Terraced houses have captured my interest, and I've delved into extensive research to present my fellow readers of this property market blog with captivating insights!

When it comes to architecture, the concept of terraced or townhouse living has thrived in the UK since the late 1600s. These are rows of houses with symmetrical designs, sharing side walls that create a cohesive and visually pleasing layout.

Credit for the first terraced houses goes to Monsieur Barbon, a visionary Frenchman who constructed them around St. Paul's Cathedral during the extensive rebuilding phase after the devastating Great Fire of London in 1666. But did you know that the concept of terraced houses emerged even earlier in the vibrant Le Marais district of Paris around 1610-15?

The French developed planned squares with properties boasting identical facades, laying the foundation for terraced housing as we know it today. However, it was during the 1730s that terraced houses truly flourished in London and the magnificent Royal Crescent in Bath.

Terraced houses played a crucial role during the Victorian Era, a time defined by the Industrial Revolution and the resulting influx of people into towns and cities in search of employment. These houses provided decent and habitable accommodation, offering an escape from the slums that plagued many urban areas.

A typical Victorian terraced house followed a standard design structure. The front room served as a formal space for special occasions, while the back reception room became the heart of daily family activities. Attached to the back reception room was a scullery, a small kitchen used for washing pots and undertaking other household chores.

Leading off the scullery was a door that revealed a rear yard, where you would traditionally find the privy or outside toilet. Upstairs, two spacious bedrooms awaited, along with a smaller third bedroom or nursery, usually accessible directly through the second bedroom.

In an effort to improve living conditions, the Public Health Act of 1875 mandated specific requirements for each house. These included a minimum of 108 square feet of liveable space per main room, access to running water, an external toilet or privy, and rear access for waste collection. These standards sought to address important sanitation and hygiene concerns prevalent at the time, particularly as public sewers had yet to be established in many areas where these terraced houses were built.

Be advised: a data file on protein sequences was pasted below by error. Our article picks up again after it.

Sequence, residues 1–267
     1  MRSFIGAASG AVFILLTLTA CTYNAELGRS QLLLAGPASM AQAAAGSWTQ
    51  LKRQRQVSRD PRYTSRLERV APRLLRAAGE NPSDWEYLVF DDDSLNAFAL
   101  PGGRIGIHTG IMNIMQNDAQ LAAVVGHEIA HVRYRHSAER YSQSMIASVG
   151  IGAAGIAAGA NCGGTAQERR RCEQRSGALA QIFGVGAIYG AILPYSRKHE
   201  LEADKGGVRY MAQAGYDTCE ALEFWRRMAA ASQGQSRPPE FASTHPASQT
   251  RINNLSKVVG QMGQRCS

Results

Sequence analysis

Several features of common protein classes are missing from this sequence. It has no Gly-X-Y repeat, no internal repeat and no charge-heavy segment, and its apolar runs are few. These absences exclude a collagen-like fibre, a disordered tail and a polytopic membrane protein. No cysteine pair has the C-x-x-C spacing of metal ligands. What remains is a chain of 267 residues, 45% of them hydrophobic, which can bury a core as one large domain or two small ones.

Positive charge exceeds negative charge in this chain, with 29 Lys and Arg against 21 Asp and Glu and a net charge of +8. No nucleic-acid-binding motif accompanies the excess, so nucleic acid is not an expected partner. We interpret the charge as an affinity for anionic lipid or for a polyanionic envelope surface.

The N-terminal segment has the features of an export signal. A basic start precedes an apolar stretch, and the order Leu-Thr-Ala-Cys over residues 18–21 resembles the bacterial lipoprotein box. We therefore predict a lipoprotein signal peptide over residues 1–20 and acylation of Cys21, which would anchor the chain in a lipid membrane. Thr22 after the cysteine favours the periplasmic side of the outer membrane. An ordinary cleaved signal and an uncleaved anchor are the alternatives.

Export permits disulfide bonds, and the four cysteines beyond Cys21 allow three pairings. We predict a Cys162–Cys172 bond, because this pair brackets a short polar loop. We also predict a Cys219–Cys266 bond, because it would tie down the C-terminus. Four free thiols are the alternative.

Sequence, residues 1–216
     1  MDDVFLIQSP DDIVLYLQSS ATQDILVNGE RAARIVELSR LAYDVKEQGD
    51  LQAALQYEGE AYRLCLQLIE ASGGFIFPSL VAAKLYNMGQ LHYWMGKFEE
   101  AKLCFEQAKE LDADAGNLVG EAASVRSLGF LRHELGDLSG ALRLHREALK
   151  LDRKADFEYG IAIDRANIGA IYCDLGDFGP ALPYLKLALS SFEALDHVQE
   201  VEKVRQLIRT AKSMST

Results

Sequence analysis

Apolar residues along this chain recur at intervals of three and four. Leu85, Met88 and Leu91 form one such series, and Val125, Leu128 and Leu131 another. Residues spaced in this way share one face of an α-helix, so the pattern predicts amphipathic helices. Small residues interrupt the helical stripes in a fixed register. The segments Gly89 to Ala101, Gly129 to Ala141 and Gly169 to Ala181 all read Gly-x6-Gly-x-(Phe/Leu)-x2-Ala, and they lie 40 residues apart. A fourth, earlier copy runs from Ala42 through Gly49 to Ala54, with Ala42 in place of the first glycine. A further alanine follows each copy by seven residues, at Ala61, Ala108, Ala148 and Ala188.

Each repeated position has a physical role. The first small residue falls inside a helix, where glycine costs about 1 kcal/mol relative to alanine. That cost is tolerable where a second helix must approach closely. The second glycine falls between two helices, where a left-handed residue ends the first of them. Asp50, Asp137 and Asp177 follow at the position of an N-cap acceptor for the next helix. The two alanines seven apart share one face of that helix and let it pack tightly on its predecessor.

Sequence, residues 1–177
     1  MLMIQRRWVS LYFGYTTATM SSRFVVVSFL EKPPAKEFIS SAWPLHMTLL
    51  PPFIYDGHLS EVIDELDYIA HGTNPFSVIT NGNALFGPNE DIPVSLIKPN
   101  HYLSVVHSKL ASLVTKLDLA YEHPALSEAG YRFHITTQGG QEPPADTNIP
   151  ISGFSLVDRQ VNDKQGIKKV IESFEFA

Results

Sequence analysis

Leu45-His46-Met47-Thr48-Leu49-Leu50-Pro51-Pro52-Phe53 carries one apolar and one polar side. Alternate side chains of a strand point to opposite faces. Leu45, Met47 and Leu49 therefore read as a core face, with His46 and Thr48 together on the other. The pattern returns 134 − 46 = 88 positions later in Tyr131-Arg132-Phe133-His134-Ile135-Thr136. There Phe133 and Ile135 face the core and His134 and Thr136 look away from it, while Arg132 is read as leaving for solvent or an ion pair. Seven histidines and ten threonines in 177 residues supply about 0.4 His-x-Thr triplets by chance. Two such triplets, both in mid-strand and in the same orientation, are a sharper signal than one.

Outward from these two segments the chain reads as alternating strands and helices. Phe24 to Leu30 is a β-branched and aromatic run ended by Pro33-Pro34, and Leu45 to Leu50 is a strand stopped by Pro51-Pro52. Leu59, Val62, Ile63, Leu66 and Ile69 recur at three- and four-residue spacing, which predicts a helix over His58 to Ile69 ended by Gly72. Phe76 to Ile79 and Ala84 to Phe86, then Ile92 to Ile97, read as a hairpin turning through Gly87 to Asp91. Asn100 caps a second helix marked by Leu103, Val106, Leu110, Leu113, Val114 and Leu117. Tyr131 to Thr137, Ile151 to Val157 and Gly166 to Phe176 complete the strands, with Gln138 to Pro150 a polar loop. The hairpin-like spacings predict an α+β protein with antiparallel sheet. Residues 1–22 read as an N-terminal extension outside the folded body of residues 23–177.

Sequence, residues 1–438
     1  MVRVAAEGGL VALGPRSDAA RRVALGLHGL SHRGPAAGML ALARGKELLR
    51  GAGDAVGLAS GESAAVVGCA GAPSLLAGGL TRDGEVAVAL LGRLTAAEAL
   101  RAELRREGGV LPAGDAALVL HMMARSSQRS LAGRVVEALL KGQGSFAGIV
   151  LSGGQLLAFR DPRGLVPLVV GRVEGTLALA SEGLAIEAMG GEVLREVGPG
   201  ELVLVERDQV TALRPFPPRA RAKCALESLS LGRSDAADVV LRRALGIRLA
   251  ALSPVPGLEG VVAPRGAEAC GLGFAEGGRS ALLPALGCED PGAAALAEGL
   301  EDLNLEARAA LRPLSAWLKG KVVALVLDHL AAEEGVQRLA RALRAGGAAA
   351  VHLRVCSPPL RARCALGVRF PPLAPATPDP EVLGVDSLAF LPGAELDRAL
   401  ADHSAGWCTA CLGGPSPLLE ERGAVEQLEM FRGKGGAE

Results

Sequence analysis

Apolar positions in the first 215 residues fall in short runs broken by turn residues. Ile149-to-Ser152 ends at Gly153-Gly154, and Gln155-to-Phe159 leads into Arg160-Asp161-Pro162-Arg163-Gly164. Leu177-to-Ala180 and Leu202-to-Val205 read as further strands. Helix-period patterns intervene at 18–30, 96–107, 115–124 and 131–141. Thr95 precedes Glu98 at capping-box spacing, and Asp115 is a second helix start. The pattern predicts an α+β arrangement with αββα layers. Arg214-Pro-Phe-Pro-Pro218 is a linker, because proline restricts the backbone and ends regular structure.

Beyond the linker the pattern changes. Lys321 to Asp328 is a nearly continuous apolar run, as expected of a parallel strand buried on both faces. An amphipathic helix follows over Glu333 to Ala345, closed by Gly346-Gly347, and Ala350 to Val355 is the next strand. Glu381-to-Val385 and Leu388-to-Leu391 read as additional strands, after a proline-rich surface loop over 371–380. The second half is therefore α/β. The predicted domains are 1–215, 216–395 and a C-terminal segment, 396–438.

Over time, terraced houses evolved to accommodate changing needs and modern conveniences. During the 1960s and 70s, indoor toilets and bathrooms were installed, often modifying the smaller third bedroom or extending the ground floor scullery. Gas central heating became prevalent in the 1980s, providing more comfort and efficient warmth.

In recent years, there has been a significant focus on energy efficiency, resulting in the widespread adoption of uPVC double glazing as a replacement for older windows.

Interestingly, the trend of building two-storey terraced houses reemerged in the 1960s, although marketed under the term 'townhouses'. As we transitioned into the new millennium, the rising cost of land prompted developers to construct more new terraced homes.

The world of terraced houses is filled with rich history, charming architecture, and countless benefits they continue to offer to this day. Whether you appreciate their architectural elegance or value their role in providing practical and affordable housing, there is no denying the lasting appeal and importance of terraced houses in our communities.